No industry is going through such fundamental and rapid change as the payments industry. Financial institutions are being pushed to redefine their payments strategies to meet a growing demand for real-time payments, enhanced customer insights, digitalization, data sharing and increased profitability.
Solutions that were on the cutting edge a decade ago may not work now. So how do financial institutions decide on a strategy that is right for them?
Generally, there are two paths financial institutions can take toward payments modernization. The short road employs a tactical approach that focuses on compliance and one-off solutions. The longer route means investing in a more strategic approach that reimagines their entire payments strategy. Either choice will have long-term implications for differentiation and sustainable growth.
Finding the Right Path for Your Organization
Determining the best path forward starts with an analysis of the terrain. Consider how your financial institution can address (or is addressing) these areas:
Providing real-time payments is key to retaining customers and remaining competitive.
Real-Time Payments Take Center Stage
Real-time payments processing was one of the fastest-moving developments in the financial industry and has become the new-normal for payments. Consumers and businesses demanded streamlined ways of moving money and information. Providing real-time payment capabilities is a key requirement for your financial institution to retain customers and remain competitive.
Interoperability of domestic instant payment networks is the next stage of improving the customer’s experience, bringing the benefits of speed, availability and finality to cross border payments – in the same way you can order goods and services from any country at any time, the payment for them will now take place at the same time. As interoperability expands, there will be a shift to secure API interaction between these networks to remove single points of failure.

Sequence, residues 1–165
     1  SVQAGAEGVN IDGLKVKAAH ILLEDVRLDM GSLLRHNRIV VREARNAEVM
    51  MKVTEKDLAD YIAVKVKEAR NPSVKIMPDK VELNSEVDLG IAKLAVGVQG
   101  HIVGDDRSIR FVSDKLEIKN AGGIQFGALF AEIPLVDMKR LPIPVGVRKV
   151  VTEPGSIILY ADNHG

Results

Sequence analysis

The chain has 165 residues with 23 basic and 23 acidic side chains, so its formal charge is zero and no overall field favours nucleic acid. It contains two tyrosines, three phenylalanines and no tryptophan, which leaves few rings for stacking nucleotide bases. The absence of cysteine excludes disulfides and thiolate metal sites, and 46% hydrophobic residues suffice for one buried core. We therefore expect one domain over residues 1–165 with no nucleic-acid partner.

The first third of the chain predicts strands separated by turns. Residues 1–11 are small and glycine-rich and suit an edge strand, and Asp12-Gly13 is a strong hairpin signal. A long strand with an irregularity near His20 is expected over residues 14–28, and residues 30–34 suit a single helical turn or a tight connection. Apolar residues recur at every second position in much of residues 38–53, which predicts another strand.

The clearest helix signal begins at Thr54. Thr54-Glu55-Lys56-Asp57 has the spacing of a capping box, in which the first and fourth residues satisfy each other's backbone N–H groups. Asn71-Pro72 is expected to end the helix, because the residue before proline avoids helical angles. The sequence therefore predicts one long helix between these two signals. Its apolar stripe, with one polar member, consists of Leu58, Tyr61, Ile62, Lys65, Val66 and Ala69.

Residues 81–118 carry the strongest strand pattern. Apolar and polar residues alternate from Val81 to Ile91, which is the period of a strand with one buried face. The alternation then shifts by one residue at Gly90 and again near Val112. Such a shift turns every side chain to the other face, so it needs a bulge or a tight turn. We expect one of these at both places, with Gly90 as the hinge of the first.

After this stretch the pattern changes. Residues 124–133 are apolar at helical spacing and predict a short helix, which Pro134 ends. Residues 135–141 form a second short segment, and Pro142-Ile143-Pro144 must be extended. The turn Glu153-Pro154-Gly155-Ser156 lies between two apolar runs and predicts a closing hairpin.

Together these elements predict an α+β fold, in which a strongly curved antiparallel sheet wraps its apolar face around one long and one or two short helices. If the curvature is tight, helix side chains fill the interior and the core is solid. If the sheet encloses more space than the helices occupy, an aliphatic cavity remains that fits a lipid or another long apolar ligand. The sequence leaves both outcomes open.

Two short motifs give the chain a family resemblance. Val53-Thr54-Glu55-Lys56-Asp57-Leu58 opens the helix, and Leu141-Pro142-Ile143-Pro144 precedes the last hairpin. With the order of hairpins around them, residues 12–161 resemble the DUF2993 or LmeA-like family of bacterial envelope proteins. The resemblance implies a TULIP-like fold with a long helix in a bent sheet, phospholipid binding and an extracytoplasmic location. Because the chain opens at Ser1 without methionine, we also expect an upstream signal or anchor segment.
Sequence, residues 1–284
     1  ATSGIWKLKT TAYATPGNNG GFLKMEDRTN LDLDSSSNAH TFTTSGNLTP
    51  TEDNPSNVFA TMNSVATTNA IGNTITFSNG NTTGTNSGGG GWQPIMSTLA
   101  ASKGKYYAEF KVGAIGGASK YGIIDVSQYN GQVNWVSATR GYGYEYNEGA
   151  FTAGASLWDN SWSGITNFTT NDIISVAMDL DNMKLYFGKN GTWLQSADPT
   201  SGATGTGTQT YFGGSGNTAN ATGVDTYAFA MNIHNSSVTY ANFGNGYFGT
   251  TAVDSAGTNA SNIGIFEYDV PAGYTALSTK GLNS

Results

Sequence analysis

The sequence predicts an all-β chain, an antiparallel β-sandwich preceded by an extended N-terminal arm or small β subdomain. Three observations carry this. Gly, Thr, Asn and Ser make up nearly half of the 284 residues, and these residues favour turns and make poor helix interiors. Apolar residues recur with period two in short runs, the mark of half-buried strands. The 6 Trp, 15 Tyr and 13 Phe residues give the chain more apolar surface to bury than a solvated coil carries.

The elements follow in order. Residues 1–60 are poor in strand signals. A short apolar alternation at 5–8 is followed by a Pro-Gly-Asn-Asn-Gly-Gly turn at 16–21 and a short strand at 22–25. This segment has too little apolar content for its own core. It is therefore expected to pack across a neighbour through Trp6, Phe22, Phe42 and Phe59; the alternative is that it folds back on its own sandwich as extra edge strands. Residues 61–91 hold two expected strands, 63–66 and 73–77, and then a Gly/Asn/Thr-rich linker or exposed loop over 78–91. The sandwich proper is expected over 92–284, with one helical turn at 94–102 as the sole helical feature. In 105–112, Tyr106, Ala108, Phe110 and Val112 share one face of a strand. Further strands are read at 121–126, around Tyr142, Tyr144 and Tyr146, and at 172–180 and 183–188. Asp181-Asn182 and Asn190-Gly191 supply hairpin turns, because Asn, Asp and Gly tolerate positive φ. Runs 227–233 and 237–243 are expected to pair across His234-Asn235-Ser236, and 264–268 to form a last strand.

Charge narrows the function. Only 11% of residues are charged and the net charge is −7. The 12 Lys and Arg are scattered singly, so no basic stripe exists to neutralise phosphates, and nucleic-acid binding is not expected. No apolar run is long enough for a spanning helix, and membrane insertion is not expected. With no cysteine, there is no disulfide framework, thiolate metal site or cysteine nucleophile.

With instant payments comes risk at a quicker pace. Financial institutions can rely on accurate and complete data monitoring in real time to minimize fraud risk exposure, improve Anti-Money Laundering/Combating the Financing of Terrorism detection and enhance regulatory reporting.
The Customer Journey
Historically, financial institutions have focused more on the payment instead of what the customer needs. Customer journeys vary; even customers within the same vertical may not have the same needs. By mapping each journey, your organization can determine how to best digitize the value chain.
Financial institutions can use current and emerging technologies to engage customers upstream and downstream from the point of payment to leverage all related data and increase straight-through processing. Then, using capabilities such as artificial intelligence and machine learning, a financial institution can help interpret the data to make intelligent decisions.
Turning Payments Data into Information